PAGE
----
Three of Michael Jackson’s brothers and his nephew have come to the late singer’s defense in the days leading up to the release of HBO’s explosive documentary Leaving Neverland.
Directed by Dan Reed, the film details claims made by Wade Robson and James Safechuck, who allege Jackson sexually abused them while they were children. The production, which debuted at the Sundance Film Festival last month and is set to air Sunday, has been condemned as fictitious by the star’s estate.
In a new interview Wednesday with CBS This Morning, Jackson’s brothers Tito, Marlon, Jackie, and nephew Taj insist there is no truth to what is presented in the film.
“I know my brother,” Jackie Jackson told co-host Gayle King. “He’s my little brother. I know my brother. He’s not like that.”
The family maintains Robson and Safechuck, who saw their lawsuit against the pop icon dismissed in 2015, are motivated by financial gains — as they are looking to appeal the court’s decision.
“It’s always been about money,” Taj Jackson said. “I hate to say it when it’s my uncle, it’s almost like they see a blank check. These people felt that they’re owed something. You know, instead of working for something, they blame everything on my uncle.”
Despite their staunch opposition to the film, the Jackson’s note they have not watched it.
“I don’t have to see the documentary. I know Michael. I’m the oldest brother. I know my brother. I know what he stood for, what he was all about, bringing the world together, making kids happy,” Jackie said.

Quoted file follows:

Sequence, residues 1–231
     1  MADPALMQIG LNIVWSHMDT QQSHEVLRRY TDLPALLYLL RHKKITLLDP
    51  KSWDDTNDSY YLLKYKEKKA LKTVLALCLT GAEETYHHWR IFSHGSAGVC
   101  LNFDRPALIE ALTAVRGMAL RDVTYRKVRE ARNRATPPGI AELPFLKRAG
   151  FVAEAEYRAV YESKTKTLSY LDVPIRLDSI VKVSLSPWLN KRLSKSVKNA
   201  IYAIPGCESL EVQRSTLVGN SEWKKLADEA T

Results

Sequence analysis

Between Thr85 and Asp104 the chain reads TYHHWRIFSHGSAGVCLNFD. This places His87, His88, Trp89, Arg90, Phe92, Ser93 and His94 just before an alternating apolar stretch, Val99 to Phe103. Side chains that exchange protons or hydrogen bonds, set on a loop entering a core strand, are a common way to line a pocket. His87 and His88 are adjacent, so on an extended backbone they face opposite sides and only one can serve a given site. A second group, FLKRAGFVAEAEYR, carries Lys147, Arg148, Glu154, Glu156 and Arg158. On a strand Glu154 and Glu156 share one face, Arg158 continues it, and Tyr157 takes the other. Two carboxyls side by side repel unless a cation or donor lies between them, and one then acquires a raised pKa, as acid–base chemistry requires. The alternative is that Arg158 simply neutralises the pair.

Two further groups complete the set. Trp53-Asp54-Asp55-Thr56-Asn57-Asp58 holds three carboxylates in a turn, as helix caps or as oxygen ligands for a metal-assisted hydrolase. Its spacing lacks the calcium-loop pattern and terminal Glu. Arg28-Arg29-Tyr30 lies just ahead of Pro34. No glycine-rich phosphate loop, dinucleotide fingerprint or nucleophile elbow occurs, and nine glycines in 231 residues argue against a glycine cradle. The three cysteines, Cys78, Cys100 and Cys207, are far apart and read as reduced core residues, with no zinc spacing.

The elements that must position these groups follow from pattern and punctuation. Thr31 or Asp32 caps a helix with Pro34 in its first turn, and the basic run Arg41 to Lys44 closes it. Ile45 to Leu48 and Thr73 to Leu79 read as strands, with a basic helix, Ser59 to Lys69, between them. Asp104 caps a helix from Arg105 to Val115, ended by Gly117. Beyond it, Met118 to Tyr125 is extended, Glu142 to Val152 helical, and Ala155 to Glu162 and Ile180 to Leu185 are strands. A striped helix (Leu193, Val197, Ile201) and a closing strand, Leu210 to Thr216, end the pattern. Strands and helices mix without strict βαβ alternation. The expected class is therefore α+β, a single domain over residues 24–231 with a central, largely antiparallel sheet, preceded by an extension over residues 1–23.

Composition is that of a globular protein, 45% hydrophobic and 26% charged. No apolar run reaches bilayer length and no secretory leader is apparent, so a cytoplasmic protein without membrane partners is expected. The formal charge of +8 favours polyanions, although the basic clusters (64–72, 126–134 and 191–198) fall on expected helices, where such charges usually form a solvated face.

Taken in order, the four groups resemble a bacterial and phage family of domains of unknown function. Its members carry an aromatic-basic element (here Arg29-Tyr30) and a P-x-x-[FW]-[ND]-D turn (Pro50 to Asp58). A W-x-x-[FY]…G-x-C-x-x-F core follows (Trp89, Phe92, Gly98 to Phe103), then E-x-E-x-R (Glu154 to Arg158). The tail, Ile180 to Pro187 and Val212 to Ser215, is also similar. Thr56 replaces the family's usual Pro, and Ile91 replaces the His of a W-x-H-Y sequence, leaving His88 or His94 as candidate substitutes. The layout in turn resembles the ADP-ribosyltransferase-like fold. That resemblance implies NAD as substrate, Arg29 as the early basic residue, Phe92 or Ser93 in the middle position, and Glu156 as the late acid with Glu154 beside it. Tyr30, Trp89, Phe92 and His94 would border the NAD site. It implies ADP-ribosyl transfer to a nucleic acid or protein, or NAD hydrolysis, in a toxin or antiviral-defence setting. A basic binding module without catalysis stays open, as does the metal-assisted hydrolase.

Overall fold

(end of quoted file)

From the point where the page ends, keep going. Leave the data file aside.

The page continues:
The interview is the second installment of CBS This Morning’s three-day coverage of Leaving Neverland. Tuesday featured an interview with Reed, who defended his decision not to include the Jackson family in the film.
“What was important for me was to have eyewitnesses or people who could add something to the story. I don’t know that the Jackson family has any direct knowledge of what happened to Wade and James. I don’t believe they do. If they do, then they should come forward,” Reed said. The director also said the documentary includes some of the things Jackson said while he was alive, as well as previous statements from his lawyers.
The Jacksons believe the filmmaker’s decision not to include their point of view takes away from his credibility.
“So he took what they were saying, face value, as to be true. But he trusted them — which there’s nothing wrong with that — but you must verify,” Jackie said. “Because when you start throwing allegations out about someone, then you got to go back and say, ‘Wait a minute, let me make sure I’m telling the right thing. Make sure they’re not selling me a bunch of goods.’ Which they were.”
The final segment of the CBS This Morning series will feature an interview with Robson and Safechuck.
Earlier this month, the executors of Jackson’s estate filed a $100 million lawsuit against HBO arguing the network’s decision to distribute the documentary violates a “longstanding contractual relationship” they made with the star in 1992 when they aired his special Michael Jackson in Concert in Bucharest: The Dangerous Tour.
Part 1 of Leaving Neverland will premiere Sunday on HBO, followed by Part 2 on Monday.